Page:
Last updated 10 May 2022

It is important to understand the context of youth offending.

The number of youth offenders has been decreasing for some years in Queensland, in Australia and in countries such as the UK and Canada. Of the 535 000 10-to-17-year-olds in Queensland, only 0.9% appear in court in a given year. Around 10% of child offenders (about 500 children a year) commit roughly 45% of the offences committed by all youth offenders (Youth Justice Pocket Stats 2019-2020, Department of Children, Youth Justice and Multicultural Affairs).

Most young people who come into contact with police before the age of 18 will not become ‘career criminals’; their contact will be short lived and relatively minor, and they will grow out of offending from late adolescence (Snapshot 2011: Children and Young People in Queensland, Commission for Children and Young People and Child Guardian).

 The small group of those who continue to offend share a number of challenges. On a given day in 2019, of children in detention (Youth Justice Pocket Stats 2019-2020):

  • 60% had experienced or been impacted by domestic and family violence
  • 55% were disengaged from education, training or employment
  • 46% had a mental health and/or behavioural disorder (diagnosed or suspected) 
  • 38% had used ice or other methamphetamines
  • 30% had at least one parent who spent time in adult custody 
  • 29% were in unstable and/or unsuitable accommodation
  • 12% had a disability (assessed or suspected).

Children under 14 years old in the justice system are more likely to be experiencing underlying trauma, have an undiagnosed disability, and come from a low socioeconomic background (Australian Institute of Health and Welfare 2018 National data on the health of justice-involved young people: a feasibility study Cat. no. JUV 125). The younger a child commences in the youth justice system, the more likely they are to remain in it, the more often they are in detention and the more likely they are to return (Australian Institute of Health and Welfare 2020 Young people returning to sentenced youth justice supervision 2018–19 Juvenile justice series no. 24. Cat. no. JUV 133. Canberra: AIHW).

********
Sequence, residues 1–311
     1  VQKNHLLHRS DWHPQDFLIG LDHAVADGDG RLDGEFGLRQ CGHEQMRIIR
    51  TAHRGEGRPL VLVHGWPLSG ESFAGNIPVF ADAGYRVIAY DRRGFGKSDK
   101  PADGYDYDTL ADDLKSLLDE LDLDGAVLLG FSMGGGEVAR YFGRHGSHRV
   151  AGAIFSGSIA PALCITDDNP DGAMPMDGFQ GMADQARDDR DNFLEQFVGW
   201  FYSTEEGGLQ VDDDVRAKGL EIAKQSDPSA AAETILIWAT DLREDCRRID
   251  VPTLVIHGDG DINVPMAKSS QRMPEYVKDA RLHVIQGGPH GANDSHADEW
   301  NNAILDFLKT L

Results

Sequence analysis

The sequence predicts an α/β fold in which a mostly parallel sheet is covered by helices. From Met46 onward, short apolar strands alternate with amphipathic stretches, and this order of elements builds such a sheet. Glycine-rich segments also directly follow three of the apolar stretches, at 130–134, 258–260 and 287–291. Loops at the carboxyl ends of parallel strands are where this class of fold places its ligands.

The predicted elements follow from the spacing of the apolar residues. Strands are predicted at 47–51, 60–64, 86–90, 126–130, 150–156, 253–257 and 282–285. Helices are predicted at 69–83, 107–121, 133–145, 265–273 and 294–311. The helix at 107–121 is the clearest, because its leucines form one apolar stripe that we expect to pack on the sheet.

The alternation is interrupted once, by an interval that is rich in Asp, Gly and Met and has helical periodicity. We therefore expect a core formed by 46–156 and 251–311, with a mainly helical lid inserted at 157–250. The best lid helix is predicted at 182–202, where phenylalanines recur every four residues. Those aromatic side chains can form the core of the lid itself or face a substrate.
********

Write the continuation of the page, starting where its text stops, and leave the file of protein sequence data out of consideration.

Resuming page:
Some cohorts of children are overrepresented in the justice system, in particular Aboriginal and Torres Strait Islander children but also other disadvantaged and vulnerable groups such as children in contact with the child protection system.

Aboriginal and Torres Strait Islander children accounted for 46% of all child defendants in 20192020 while comprising only around 7% of all 10 to 17-year-olds in Queensland. The number was significantly higher in the younger ages (93% of 10-year-olds, 82% of 11-year-olds, 66% of 12-year-olds and 59% of 13-year-olds (Childrens Court of Queensland Annual Report 2019-20).

In Queensland, the Youth Justice Report (2018) (the Atkinson Report) noted that 83% of children known to the Queensland youth justice system were also known to Child Safety Services as at 30 June 2014. In 20152016, 32% of children in youth detention in Queensland had a child protection order history (Queensland Parliament, Question on Notice, May 2017).